Christmas is the time to open presents, and a group of scientists from NASA have an enviable present about to open: a sample of Earth and gases coming straight from the moon, nearly 50 years ago.
This is a sample taken from the Apollo 17 mission, the last manned mission of the Apollo project, which aims to explore the moon, and it took place in December 1972, and therefore 49 years ago.
At that time, it was believed that in the future, humanity will have more advanced technology and more advanced scientific knowledge, which will allow to study this specimen in depth. Other samples taken to be unlocked upon return to Earth #1
1970s, but one of them has been preserved for nearly half a century with the intention of later study.
The samples were collected by Gene Cernan, the last astronaut to set foot on the Moon. Cernan was exploring the Taurus-Littrow Valley on the Moon when he inserted a tube about 70 centimeters into the Earth to perform the pullout.
What do you hope to find and how to open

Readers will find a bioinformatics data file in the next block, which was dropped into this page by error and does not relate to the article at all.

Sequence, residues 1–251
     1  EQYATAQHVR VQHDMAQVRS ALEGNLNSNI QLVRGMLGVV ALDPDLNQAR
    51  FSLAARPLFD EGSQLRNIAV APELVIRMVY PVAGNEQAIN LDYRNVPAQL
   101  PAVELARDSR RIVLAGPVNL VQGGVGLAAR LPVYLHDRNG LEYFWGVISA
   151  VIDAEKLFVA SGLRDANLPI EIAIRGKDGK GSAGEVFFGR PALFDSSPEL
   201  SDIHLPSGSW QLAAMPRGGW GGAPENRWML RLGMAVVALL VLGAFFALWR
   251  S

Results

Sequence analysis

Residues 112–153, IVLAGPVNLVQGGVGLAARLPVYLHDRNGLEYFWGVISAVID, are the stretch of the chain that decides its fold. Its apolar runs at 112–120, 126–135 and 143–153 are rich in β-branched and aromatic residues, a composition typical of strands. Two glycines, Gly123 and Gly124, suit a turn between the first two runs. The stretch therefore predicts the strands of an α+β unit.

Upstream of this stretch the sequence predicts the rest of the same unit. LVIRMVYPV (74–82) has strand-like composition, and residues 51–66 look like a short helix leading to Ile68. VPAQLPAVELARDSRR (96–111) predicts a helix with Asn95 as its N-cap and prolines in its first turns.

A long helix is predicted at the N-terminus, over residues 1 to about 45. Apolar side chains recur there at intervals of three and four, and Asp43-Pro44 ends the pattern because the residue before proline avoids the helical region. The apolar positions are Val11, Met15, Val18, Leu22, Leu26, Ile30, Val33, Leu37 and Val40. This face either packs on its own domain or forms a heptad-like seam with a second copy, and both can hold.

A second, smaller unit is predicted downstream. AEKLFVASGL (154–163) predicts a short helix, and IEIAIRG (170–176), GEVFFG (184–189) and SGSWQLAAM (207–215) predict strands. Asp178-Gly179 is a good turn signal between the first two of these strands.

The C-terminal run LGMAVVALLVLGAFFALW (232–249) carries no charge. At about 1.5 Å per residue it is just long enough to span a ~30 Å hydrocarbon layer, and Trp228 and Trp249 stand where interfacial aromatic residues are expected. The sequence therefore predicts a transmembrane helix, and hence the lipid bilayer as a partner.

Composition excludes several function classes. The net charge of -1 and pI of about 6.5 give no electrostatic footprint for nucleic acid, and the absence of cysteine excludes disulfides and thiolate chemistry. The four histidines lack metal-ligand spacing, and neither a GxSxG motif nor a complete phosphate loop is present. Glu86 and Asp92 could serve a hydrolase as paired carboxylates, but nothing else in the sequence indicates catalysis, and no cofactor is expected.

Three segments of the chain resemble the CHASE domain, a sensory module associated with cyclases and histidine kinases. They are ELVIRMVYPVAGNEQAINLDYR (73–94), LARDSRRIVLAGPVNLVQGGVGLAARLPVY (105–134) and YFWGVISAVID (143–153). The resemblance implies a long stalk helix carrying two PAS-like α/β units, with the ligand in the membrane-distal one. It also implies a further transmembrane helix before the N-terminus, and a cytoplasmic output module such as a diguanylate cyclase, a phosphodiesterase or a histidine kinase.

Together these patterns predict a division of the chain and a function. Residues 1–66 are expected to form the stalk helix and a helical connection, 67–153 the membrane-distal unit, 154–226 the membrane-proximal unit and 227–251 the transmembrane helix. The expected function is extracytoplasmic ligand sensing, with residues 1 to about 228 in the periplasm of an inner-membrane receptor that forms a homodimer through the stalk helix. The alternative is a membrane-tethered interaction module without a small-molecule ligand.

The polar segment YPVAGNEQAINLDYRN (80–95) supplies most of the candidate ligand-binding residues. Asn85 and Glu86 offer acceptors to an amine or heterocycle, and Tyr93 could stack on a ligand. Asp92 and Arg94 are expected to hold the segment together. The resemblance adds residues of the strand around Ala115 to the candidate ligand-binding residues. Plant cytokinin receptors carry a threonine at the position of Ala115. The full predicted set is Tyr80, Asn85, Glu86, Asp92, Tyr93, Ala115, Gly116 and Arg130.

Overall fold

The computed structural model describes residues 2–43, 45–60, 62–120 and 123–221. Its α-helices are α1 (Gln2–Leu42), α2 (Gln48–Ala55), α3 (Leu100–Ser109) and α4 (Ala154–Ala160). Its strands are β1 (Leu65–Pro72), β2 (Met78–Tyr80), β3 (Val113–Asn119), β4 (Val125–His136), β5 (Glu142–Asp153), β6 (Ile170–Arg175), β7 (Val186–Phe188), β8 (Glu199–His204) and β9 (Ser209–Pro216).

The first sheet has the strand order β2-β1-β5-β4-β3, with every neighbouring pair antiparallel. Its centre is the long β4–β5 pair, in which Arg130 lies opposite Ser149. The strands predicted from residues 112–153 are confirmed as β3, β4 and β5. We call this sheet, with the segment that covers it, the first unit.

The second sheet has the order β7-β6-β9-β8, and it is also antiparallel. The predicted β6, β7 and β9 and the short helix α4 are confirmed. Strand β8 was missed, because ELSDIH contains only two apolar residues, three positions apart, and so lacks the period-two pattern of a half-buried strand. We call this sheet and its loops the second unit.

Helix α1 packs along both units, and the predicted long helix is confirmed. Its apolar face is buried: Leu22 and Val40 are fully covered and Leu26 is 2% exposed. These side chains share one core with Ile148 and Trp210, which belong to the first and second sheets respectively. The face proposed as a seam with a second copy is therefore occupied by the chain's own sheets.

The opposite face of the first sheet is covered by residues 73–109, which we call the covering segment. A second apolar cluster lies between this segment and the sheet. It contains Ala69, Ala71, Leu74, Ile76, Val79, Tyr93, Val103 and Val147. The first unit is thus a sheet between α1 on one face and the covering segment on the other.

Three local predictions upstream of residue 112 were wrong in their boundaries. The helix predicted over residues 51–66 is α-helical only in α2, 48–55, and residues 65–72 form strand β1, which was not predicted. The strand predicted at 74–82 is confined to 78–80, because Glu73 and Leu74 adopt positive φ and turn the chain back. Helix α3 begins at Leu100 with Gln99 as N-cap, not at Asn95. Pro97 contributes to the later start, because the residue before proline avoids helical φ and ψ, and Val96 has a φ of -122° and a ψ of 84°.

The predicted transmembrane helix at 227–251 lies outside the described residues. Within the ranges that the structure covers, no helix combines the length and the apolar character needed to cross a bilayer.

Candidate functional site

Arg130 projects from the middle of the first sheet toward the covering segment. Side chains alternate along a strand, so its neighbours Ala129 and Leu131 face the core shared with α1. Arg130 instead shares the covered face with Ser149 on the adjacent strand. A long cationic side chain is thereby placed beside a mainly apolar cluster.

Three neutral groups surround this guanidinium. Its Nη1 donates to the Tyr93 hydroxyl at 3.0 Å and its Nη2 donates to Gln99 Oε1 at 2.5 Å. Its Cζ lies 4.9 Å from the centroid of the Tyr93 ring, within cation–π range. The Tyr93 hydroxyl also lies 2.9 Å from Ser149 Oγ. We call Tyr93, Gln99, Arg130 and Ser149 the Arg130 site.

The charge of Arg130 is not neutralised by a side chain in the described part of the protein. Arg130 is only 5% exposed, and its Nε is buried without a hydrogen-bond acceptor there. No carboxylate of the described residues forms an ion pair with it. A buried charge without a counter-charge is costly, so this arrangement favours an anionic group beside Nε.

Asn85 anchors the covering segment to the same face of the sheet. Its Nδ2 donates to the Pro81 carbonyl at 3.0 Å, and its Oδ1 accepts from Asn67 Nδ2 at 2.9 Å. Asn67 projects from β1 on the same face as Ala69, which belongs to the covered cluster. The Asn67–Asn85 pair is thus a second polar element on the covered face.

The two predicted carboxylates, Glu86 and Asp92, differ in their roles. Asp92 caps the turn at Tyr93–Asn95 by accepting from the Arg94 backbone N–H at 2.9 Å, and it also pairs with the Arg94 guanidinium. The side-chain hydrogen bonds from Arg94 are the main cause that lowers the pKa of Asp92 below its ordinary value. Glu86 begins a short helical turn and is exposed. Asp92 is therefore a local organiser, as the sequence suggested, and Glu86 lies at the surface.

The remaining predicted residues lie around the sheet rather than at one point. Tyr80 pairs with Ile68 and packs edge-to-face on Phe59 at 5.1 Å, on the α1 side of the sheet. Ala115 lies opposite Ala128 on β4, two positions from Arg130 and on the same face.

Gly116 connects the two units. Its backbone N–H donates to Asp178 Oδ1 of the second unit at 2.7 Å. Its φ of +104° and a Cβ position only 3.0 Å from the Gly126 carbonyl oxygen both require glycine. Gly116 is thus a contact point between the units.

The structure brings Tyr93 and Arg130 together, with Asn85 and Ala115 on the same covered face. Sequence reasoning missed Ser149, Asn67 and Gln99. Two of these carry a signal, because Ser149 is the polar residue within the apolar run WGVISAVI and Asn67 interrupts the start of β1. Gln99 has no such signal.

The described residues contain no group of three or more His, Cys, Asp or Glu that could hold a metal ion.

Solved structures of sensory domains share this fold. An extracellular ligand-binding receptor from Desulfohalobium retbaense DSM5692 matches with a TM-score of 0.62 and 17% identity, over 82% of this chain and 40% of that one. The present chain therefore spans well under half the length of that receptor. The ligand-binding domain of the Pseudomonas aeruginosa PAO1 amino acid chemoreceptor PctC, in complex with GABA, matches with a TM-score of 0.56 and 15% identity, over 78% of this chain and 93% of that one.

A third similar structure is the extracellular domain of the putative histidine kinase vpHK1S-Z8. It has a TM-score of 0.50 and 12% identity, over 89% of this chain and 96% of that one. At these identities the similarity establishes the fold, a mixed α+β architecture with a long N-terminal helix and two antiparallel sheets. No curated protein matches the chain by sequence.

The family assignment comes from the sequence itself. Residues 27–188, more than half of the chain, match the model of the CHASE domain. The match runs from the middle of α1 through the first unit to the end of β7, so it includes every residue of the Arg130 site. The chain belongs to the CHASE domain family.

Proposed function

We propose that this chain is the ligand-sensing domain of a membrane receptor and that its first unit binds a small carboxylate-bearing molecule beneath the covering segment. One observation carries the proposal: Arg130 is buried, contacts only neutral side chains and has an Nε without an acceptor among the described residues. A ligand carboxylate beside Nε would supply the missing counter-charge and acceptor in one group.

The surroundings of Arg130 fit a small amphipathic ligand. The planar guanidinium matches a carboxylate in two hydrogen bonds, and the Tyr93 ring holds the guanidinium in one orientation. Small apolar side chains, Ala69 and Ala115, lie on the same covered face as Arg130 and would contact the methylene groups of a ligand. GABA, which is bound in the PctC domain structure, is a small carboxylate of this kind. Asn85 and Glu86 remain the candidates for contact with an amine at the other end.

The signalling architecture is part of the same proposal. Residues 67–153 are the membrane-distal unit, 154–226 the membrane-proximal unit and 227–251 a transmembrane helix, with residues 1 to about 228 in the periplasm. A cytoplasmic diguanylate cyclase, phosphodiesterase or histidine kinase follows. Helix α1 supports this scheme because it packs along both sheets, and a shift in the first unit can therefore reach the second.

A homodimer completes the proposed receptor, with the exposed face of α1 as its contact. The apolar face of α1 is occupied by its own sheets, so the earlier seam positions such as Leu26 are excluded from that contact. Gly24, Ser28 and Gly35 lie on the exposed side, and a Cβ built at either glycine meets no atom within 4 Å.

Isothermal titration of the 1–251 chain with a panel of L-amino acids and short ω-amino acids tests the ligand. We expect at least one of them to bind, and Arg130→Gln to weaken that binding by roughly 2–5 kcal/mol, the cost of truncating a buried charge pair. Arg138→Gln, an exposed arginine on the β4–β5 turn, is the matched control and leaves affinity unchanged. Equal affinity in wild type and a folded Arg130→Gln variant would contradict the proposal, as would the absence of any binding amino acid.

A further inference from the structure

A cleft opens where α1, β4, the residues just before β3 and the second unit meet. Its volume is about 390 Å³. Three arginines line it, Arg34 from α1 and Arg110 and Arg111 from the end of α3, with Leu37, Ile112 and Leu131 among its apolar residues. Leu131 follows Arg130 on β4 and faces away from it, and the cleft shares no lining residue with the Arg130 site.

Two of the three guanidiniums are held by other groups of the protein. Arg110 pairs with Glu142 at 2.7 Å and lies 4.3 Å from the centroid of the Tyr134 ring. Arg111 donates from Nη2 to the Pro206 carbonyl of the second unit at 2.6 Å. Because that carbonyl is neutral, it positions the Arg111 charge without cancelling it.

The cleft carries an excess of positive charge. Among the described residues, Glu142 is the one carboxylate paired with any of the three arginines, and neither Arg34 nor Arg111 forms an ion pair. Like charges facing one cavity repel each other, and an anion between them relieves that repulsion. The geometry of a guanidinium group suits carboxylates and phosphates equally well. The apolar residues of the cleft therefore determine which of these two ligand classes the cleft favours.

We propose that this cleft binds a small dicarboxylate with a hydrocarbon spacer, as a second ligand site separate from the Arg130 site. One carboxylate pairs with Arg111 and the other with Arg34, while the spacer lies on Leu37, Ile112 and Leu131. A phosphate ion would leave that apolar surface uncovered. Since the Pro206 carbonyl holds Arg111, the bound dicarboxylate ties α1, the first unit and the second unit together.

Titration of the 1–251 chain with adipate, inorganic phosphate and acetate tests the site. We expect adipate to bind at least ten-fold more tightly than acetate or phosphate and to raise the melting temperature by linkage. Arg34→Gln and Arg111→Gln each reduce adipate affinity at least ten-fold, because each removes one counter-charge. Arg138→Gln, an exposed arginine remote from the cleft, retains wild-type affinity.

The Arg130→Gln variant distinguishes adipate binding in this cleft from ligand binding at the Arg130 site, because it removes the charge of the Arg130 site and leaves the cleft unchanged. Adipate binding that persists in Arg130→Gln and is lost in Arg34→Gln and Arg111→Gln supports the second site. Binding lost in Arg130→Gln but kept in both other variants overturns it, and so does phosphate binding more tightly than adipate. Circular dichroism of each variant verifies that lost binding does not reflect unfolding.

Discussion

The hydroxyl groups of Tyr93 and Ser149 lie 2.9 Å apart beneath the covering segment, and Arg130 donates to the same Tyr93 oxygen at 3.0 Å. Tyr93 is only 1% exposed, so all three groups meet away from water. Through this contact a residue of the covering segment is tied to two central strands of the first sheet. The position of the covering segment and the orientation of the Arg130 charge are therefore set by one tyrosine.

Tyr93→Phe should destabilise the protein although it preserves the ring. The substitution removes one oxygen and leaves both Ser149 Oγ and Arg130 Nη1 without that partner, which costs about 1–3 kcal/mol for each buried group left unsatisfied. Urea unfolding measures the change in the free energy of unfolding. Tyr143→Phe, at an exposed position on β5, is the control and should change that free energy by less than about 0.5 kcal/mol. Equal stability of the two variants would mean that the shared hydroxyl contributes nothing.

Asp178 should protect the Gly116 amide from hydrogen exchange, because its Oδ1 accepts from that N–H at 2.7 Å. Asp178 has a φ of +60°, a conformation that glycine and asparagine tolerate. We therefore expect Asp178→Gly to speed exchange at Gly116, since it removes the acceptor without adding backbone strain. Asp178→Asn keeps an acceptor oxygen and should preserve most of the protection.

Scientists expect that they will find the gases when they open the sample. Hydrogen, helium and other noble gases are among the bets, from what is already known about the Moon. Examining these materials will help to better understand the appearance of the moon’s surface and will also help engineers prepare new tools and techniques for extracting space materials, whether on satellites like the Moon or on planets like Mars.
However, to unlock the material collected by Apollo 17, NASA requested the help of the European Space Agency, the European Space Agency, to develop a kind of “can opener” for the mission.
The scientists themselves called the drilling tool created by the European Space Agency in a playful way. This is done specifically to penetrate the container the sample contains, but to capture the gases without escaping them, preventing losses.
These gases will be placed in other containers, using an extraction collector developed by Washington University, based in St. Louis in the United States. Then, these recipients will be sent to different parts of the world for study.
“Each component of the gas analyzed can help tell a different part of the story of the origin and evolution of the dynamic elements on the Moon and in the early days of the Solar System,” said Francesca MacDonald, a scientist at the European Space Agency. Who collaborated on the project, in an official statement. published by the agency. It took 16 months to shape the perfect “can opener” for the task of opening a clean sample.
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